(135,150 acres grain corn; 52,779 acres silage corn)

Seedcorn maggot (Delia platura): Seedcorn maggot was noticed in higher levels in corn fields in the Shilo (SW) area.

European corn borer (Ostrinia nubilalis): In 2006, 56.5 % of grain corn was seeded to Bt varieties, and 10.6% of silage corn was seeded to Bt varieties. In a survey of 17 corn fields in July and August, very low levels of European corn borer were found.

Canola And Mustard

(Argentine canola-2,198,971 acres; Polish canola-884 acres; Mustard-3,663 acres)

Flea beetles (Phyllotreta spp.): Flea beetle feeding was generally low enough to be non-economical, however there was some spraying for flea beetles in the Dauphin (NW) and Grandview (NW) areas.

Cutworms: The only cutworm damage in canola that was reported was from a field southeast of Neepawa (SW).

Bertha Armyworm (Mamestra configurata): Bertha armyworm populations were high and insecticides applied to many canola fields in the Northwest area of the province. The heaviest populations and most spraying seemed to be in the Swan River area and north of Minnedosa, with some control also needed in the Roblin area and south of Dauphin. One particular field north of Minnedosa had areas with populations as high as 20 larvae per plant, and most of the yield from the field was lost. There are some reports of fields being sprayed twice for bertha armyworm in the Swan River area. Bertha armyworm could be easily found in many fields in the Brandon area, but at levels below the economic threshold of 25 -30 / meter square being used this year (based on the value of canola and control costs). There were some reports of spraying for bertha armyworm in the Notre Dame de Lourdes (C) and Homewood (C) areas, however, so the higher populations were located much further east in Manitoba in 2006 then they were in 2005. Close attention needs to be given to monitoring for the adult moths in June and July of 2007 to determine if and how widespread high populations are expected in 2007. The traps once again predicted fairly closely the general regions where higher populations could be expected. An interesting observation from one agronomist was that larvae seemed to be more advanced in any of the fields where the stubble had been burned.     

Diamondback moth (Plutella xylostella): High populations and some spraying for diamondback moth occurred in the southern Interlake and the area north of Ste. Rose (NW).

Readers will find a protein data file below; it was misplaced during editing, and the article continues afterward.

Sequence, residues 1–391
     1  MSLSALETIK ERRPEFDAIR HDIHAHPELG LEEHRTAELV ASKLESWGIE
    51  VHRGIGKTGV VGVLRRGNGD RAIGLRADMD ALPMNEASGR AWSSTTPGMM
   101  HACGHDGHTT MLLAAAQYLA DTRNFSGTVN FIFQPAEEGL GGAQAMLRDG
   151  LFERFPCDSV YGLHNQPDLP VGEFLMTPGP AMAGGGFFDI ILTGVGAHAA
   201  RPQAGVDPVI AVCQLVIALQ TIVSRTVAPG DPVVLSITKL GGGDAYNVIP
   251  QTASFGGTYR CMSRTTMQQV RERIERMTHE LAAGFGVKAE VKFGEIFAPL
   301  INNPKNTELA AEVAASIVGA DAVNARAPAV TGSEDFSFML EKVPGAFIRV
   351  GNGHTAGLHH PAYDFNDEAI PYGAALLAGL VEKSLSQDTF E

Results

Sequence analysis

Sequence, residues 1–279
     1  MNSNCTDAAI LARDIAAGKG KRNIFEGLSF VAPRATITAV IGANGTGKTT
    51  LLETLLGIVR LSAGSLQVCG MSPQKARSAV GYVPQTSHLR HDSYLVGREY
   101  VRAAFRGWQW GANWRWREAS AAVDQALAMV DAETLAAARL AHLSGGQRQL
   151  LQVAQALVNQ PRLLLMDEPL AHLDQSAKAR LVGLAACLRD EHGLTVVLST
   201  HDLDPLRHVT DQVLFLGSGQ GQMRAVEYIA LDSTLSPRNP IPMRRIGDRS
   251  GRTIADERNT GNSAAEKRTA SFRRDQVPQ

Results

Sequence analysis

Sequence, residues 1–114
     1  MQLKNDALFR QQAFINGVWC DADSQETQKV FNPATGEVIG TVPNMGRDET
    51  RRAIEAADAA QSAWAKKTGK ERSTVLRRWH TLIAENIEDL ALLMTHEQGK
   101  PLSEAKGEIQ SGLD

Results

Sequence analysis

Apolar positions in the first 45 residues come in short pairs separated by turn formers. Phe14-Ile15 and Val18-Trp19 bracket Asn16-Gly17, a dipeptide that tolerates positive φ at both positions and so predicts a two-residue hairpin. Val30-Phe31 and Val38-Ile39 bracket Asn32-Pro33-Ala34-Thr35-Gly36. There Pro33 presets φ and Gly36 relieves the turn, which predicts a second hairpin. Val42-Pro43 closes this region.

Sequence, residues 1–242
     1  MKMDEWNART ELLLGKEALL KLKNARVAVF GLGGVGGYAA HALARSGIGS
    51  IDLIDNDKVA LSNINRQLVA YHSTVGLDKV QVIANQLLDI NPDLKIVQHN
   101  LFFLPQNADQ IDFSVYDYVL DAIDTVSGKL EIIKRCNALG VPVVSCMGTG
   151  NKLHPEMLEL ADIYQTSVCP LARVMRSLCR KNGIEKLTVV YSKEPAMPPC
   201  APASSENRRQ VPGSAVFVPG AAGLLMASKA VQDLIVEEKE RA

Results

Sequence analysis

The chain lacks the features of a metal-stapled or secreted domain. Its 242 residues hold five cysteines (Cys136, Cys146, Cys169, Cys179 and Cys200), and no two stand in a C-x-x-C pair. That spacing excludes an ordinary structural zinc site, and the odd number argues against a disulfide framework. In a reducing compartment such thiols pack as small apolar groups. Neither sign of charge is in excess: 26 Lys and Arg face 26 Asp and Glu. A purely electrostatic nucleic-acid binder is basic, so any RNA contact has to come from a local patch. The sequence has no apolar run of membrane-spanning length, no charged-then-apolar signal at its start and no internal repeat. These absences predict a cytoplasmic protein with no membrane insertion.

Other Lepidoptera: Although not really a pest of canola, high level of zebra caterpillars, Melanchra picta, was noted in localized areas of some fields. These were particularly numerous in the Eastern and Central areas of the province. Two canola fields (near Rosenort and Domain) were sprayed for zebra caterpillar late in the season.

Lygus bugs (Lygus spp.): Some canola in the Beausejour (E) area was sprayed to control lygus bugs.


(Flax-343,796 acres)

Potato aphid (Macrosiphum euphorbiae): Populations of potato aphid on flax became quite high in some areas late in the season, making decisions on the economics of control quite difficult. In some of the fields, significant numbers of aphids were found on the flax once the crop was past the green boll stage. Many flax fields around and south of Pilot Mound (C) had high numbers of potato aphids late in the season. There was also some spraying for aphids in flax in the southern Interlake in early July.

Lygus bugs (Lygus spp.): A field of flax west of Beausejour (E) was sprayed in late July to control lygus bugs (about 40-50 / 10 sweeps were being found). No insecticides are registered for lygus bugs in flax, and whether controlling lygus bug populations such as these in flax is economical is still uncertain; the one study that has been published found these numbers of lygus bugs in flax had no economical effect under good growing conditions (Wise and Lamb 2000). More research on lygus bugs in flax is needed.